It’s All About Curb Appeal: The Simple Landscaping Task That Can Boost Your Home’s Value the Most – News

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Forget the splashy in-ground pools, the brand-new deck, and those impressive fire features. The landscaping that can fetch the highest return on investment might cost homeowners only an afternoon of work.
It’s all about curb appeal. Homeowners who invest in standard lawn care service—which can be as simple as seeding and mowing their lawn to keep it green and healthy—generally see a 217% ROI, according to a recent report from the National Association of Realtors® and the National Association of Landscape Professionals.
Those who would rather not lug the lawnmower out to tackle their grass generally pay about $415 for lawn maintenance.
A home’s exterior and front yard are “the first thing that many homebuyers see as they drive up,” says NAR’s Vice President of Research Jessica Lautz. “It does impact whether a buyer is willing to step inside.”
Having a beautifully landscaped property not only helps with a home’s resale value, but it also often keeps the neighbors happy. Homeowners who neglect their yards might face peer pressure to keep their properties tidy so as not to drag down local home values.
The report, which looked at 11 common outdoor improvements, is based on four surveys. One targeted consumers on their most recent remodeling projects, two were sent to real estate agents who completed remodeling work or worked with clients who did, and one was for landscaping professionals.
“There’s a lot of reasons why someone might want to improve their outdoor space. It could be curb appeal to attract a homebuyer. It could be because they are tired of looking at their space and want a change,” says Lautz. “Or it could be they plan to spend more time outdoors so they want someplace they can maximize their relaxation and enjoyment.”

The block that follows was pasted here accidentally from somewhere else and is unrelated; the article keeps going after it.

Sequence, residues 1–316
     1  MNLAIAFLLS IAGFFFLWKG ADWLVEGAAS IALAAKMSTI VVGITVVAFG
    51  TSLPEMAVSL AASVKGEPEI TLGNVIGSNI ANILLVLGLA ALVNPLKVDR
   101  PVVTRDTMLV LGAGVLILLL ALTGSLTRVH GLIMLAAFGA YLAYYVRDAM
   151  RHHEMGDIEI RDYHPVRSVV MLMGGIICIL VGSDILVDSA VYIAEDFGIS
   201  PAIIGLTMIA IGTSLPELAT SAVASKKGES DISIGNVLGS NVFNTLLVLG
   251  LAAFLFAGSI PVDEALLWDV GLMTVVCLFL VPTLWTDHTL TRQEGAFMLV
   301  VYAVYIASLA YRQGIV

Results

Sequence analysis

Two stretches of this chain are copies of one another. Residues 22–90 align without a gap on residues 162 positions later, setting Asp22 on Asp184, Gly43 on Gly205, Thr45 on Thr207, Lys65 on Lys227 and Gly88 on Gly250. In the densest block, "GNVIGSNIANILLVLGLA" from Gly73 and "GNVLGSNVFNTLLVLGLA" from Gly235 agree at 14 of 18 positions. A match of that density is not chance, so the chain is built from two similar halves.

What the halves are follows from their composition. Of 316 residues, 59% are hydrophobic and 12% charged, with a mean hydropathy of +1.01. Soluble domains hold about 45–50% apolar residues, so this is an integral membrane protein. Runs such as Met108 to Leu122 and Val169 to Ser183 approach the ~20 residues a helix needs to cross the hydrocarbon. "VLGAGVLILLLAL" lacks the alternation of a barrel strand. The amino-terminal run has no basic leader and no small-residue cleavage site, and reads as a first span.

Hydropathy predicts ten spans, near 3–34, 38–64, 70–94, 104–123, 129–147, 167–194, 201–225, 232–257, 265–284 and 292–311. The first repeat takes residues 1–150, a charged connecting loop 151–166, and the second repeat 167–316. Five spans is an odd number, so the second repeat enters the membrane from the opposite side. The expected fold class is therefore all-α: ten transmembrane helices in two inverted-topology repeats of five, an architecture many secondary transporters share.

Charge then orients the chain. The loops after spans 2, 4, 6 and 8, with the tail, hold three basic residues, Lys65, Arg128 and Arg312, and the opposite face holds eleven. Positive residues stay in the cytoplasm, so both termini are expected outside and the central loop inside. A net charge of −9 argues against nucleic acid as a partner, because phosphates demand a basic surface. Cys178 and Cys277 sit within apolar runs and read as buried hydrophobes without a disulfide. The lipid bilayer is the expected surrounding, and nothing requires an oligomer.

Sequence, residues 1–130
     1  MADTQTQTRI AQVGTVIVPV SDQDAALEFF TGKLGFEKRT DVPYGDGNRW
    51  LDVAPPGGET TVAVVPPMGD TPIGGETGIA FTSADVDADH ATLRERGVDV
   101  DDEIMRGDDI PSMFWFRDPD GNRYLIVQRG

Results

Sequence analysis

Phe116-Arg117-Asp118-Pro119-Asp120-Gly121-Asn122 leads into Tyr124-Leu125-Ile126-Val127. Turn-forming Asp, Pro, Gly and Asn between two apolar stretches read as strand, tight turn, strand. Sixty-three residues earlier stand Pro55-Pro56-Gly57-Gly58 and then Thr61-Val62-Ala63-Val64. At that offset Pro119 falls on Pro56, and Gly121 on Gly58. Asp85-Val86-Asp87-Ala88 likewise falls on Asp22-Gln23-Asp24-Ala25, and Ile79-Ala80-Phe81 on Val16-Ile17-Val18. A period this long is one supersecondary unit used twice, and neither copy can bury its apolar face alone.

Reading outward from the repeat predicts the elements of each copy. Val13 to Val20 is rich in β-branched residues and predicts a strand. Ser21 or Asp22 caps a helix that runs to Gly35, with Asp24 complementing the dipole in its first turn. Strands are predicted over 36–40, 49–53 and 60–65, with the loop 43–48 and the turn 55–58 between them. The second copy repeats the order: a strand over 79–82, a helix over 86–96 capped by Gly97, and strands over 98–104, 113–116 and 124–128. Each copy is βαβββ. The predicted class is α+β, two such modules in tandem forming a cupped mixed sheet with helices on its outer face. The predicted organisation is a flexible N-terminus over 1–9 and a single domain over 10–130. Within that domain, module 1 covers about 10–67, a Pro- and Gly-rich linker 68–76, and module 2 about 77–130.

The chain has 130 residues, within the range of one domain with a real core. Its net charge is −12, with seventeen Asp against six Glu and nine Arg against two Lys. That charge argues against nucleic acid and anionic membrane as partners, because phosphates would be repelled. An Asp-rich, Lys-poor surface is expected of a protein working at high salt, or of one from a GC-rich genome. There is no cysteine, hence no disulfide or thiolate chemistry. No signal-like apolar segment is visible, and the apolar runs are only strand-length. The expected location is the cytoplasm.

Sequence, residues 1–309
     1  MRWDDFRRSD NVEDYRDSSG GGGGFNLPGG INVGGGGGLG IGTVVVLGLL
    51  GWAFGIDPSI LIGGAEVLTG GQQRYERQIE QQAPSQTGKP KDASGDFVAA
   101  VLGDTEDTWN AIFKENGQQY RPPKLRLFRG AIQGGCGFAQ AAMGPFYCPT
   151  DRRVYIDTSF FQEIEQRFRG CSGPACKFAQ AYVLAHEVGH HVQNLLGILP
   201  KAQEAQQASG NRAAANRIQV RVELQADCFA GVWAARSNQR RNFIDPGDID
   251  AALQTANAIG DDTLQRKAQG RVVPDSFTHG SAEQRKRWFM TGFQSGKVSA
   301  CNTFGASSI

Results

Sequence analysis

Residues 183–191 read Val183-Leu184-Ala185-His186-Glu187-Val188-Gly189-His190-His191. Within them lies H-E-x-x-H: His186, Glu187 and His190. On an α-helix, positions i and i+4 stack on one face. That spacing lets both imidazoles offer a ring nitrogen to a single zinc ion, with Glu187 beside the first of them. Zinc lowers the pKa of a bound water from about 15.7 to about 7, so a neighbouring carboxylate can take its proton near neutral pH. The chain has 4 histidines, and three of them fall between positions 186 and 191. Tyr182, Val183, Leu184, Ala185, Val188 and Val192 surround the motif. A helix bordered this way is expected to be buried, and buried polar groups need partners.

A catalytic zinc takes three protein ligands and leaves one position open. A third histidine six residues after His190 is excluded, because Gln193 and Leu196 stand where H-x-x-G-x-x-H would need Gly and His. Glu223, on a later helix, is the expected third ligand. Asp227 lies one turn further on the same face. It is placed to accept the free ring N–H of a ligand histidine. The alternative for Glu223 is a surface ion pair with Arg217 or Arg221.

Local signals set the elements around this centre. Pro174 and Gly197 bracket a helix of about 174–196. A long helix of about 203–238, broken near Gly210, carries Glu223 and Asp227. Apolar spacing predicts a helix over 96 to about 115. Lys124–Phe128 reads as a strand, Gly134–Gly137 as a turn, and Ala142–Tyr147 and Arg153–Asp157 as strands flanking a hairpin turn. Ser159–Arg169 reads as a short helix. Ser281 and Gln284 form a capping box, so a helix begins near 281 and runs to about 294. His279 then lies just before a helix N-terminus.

Landscape maintenance, such as keeping the shrubs trimmed and the flowers blooming, netted home sellers about a 104% ROI, while upgrading their overall landscaping got them about a 100% ROI.

Meanwhile, homeowners who installed the pool of their dreams generally got back only 56% of what they paid for it when they sell. Fire features and landscape lighting also didn’t result in a big payoff, at 56% and 59% ROIs respectively
Nearly all real estate agents espoused the importance of curb appeal when selling a home as it’s generally the first impression a buyer has of a property. Their top outdoor recommendations were that sellers spruce up their landscape maintenance, lawn care services, and tree care before listing their homes.
“Healthy outdoor living and green spaces help the environment, increase home values, make communities more desirable, and improve people’s mental and physical health,” National Association of Landscape Professionals CEO Britt Wood said in a statement.
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Homeowners might not see as large of a return as they would like for installing an in-ground pool, a project that typically costs about $90,000. But it was the outdoor improvement that made them the happiest—especially as the mercury rises.
“If they love swimming or their family loves the pool, they’re going to live there over the summer,” says Lautz.
Other projects that sparked joy in homeowners included landscape lighting, costing around $6,800, and a new patio, at around $10,500.
The work that brought homeowners the least enjoyment were outdoor kitchens, which cost about $15,000; tree care, at about $2,875; and irrigation systems, at $6,000.
During the COVID-19 pandemic, outdoor space was valuable to homeowners who invested heavily in turning them into outside extensions of their homes.
About 92% of landscaping professionals saw increased demand for outdoor features, and 79% reported the scope of these projects increased.
“Everyone is spending more time outside than they were three years ago,” says Lautz. “That’s translated into people not only looking at the inside of their home to remodel but also looking at the outdoors of their home to upgrade as well.”
Clare Trapasso is the executive news editor of where she writes and edits news and data stories. She previously wrote for a Financial Times publication, the New York Daily News, and the Associated Press. She also taught journalism courses at several New York City colleges. Email or follow @claretrap on Twitter.
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